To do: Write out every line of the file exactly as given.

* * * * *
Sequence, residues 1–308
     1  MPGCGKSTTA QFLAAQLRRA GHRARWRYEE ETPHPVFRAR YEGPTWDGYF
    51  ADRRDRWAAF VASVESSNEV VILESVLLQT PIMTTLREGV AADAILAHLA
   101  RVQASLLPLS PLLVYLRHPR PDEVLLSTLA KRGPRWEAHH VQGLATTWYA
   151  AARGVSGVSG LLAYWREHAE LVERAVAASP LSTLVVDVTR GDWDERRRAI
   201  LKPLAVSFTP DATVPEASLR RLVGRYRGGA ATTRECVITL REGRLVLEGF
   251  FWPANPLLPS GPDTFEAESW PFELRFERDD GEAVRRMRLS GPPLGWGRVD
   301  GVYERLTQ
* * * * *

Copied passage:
Sequence, residues 1–308
     1  MPGCGKSTTA QFLAAQLRRA GHRARWRYEE ETPHPVFRAR YEGPTWDGYF
    51  ADRRDRWAAF VASVESSNEV VILESVLLQT PIMTTLREGV AADAILAHLA
   101  RVQASLLPLS PLLVYLRHPR PDEVLLSTLA KRGPRWEAHH VQGLATTWYA
   151  AARGVSGVSG LLAYWREHAE LVERAVAASP LSTLVVDVTR GDWDERRRAI
   201  LKPLAVSFTP DATVPEASLR RLVGRYRGGA ATTRECVITL REGRLVLEGF
   251  FWPANPLLPS GPDTFEAESW PFELRFERDD GEAVRRMRLS GPPLGWGRVD
   301  GVYERLTQ